The nation’s only independent governor — Alaska’s Bill Walker — ended his re-election campaign Friday.
Walker threw his support to the Democratic candidate, former U.S. Sen. Mark Begich. The Republican candidate, former state Sen. Mike Dunleavy, has been far ahead in polls, but Begich will likely draw closer now.
“Alaskans deserve a competitive race, and Alaskans deserve a choice other than Mike Dunleavy,” Walker said.
It’s too late to remove Walker’s name from the ballot, so it will take work by Begich’s campaign to inform voters about Walker’s campaign suspension.
Walker’s decision comes three days after his lieutenant governor, Byron Mallott, resigned over what Walker says was an “inappropriate overture” toward an unnamed woman. Walker has declined to provide more details, citing the woman’s privacy.
Alaska also had a race with three major candidates for governor narrowing down to two candidates in 2014.
Mallott, an Alaska Native leader, was the Democratic nominee for governor that year. But he agreed to join Walker’s ticket after polls suggested that they would lose in a three-way race against then-Gov. Sean Parnell, a Republican who had succeeded Sarah Palin in 2009. The Alaska Democratic Party backed the Walker-Mallott ticket, which narrowly defeated Parnell.
Walker had one of the highest approval ratings of any governor in the country early in his term. But that approval fell steadily after his veto cut the amount of money the state sends every Alaska man, woman and child from its oil wealth.
Money from oil allowed Alaska to be the only state without either an income tax or a sales tax while having the country’s highest level of state and local government spending. Walker argued that his proposals were fiscally responsible, but they weren’t popular. The Alaska Legislature voted twice to reduce the oil-wealth payments, but many Alaskans continued to blame Walker. He now has one of the lowest approval ratings of any governor.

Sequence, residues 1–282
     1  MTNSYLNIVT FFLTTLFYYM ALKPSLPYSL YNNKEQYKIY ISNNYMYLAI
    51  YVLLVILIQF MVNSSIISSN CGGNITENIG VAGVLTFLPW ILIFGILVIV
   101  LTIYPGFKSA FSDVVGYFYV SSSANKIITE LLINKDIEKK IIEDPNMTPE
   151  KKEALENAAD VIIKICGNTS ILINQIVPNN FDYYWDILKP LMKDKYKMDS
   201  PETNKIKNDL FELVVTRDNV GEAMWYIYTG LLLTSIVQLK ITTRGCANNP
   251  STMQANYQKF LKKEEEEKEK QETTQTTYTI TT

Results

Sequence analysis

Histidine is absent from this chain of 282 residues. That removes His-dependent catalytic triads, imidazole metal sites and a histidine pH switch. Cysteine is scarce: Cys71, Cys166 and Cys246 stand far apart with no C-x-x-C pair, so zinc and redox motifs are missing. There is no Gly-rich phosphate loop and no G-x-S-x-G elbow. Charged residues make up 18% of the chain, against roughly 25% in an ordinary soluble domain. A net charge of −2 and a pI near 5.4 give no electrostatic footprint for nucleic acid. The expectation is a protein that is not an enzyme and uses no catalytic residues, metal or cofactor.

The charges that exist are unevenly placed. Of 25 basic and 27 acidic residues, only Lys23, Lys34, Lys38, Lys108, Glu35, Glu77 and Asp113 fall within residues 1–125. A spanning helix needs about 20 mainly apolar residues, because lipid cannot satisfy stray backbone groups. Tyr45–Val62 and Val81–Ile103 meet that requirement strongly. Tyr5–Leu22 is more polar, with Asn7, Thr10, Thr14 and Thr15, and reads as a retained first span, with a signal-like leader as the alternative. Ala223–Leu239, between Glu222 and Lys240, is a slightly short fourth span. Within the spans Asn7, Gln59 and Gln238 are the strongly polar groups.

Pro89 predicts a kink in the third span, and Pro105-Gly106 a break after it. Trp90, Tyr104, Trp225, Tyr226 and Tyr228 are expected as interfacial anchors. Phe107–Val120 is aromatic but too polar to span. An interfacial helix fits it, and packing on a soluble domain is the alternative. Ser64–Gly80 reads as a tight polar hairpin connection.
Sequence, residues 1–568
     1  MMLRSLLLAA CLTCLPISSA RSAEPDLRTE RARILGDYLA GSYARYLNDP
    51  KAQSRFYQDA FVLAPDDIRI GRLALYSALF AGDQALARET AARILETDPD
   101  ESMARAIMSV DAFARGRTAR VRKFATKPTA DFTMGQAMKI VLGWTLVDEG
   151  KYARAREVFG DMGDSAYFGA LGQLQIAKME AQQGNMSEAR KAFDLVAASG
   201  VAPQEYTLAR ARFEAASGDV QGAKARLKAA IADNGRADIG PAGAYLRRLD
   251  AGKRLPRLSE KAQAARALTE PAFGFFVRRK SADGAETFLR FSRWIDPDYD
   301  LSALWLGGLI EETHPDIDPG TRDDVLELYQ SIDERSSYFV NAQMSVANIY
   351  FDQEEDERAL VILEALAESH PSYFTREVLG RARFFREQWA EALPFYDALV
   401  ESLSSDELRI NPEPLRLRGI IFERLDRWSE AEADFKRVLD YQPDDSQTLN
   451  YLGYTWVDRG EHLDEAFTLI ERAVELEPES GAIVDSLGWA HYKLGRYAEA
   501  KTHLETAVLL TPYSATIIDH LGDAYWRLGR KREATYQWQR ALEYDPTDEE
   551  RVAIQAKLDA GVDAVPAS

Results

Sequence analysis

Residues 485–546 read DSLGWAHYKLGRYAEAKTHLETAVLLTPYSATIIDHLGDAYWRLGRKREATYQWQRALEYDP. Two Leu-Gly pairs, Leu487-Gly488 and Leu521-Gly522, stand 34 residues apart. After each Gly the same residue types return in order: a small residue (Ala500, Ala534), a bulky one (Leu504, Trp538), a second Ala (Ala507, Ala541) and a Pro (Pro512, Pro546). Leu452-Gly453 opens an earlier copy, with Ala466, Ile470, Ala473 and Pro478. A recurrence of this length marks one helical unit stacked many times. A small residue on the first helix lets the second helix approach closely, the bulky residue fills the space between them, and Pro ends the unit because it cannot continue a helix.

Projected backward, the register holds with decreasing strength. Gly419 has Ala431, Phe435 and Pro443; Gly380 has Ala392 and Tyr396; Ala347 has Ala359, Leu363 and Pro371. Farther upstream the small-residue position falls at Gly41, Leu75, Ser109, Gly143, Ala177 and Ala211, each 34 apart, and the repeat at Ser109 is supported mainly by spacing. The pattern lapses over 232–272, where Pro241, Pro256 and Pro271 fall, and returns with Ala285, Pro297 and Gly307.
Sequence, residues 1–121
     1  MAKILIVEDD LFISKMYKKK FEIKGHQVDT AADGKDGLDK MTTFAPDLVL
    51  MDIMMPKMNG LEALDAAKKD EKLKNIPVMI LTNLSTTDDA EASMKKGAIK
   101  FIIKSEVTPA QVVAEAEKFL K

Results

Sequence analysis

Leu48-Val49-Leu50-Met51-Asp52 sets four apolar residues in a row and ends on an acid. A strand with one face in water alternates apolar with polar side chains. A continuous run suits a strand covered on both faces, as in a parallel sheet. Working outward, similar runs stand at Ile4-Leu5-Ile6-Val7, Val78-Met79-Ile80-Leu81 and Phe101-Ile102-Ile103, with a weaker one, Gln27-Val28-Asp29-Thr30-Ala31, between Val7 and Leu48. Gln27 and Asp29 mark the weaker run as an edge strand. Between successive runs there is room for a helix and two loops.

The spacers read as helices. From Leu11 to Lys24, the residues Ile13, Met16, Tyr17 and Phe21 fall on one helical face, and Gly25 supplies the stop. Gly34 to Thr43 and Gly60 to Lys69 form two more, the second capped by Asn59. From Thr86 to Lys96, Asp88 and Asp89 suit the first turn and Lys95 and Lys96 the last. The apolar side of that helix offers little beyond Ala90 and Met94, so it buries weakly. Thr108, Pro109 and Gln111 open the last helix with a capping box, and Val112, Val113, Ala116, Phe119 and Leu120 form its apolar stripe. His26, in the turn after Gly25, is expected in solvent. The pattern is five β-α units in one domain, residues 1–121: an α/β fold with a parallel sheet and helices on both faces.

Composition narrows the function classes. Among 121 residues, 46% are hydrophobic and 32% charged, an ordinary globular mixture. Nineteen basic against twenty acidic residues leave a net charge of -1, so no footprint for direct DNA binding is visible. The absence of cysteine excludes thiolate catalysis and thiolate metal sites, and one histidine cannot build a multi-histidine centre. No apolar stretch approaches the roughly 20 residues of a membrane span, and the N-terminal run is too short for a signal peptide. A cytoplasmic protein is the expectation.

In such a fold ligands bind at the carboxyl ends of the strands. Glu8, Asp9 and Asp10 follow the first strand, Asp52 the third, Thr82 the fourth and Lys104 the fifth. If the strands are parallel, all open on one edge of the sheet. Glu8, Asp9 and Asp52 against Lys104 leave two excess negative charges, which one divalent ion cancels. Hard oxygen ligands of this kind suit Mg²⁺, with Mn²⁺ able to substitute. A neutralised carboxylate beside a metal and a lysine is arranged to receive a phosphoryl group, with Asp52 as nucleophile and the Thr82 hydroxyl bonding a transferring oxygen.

Many Alaska Democrats abandoned Walker, encouraging Begich to run.
Begich built a reputation as a moderate in the Senate. But he’s run to the left of Walker. He has highlighted his support for abortion rights and his opposition to Supreme Court Justice Brett Kavanaugh.
Begich applauded Walker’s decision.
“I do want to acknowledge the amazing, courageous action that the governor did,” Begich said. “He was about Alaska.”
The state is one of the Republican Party’s top targets to pick up a governorship, and Dunleavy has built the largest lead in polls of any Republican seeking to pick up a governorship.
Dunleavy was one of Alaska’s most conservative lawmakers. He left the state Senate over his concerns about the reductions to oil-wealth payments. He’s the only Alaska state senator of a majority party who in the past 30 years never was the primary sponsor of a law.
But his conservative positions resonated with Republican voters. He defeated businessman and former Lt. Gov. Mead Treadwell in the primary.
Dunleavy said Walker’s campaign had a problem after Mallott resigned.
“I think it was a surprise — not a shock, a surprise — given what happened with the lieutenant governor,” he said of Walker suspending his campaign. “But we’ve always been focused … on our race, what we stand for, getting the message out. So we’re going to keep forging ahead.”
Walker announced his decision at the convention of the largest Alaska Native organization, the Alaska Federation of Natives.
Libertarian Billy Toien also is running.
Alaska’s Energy Desk’s Elizabeth Harball contributed to this report.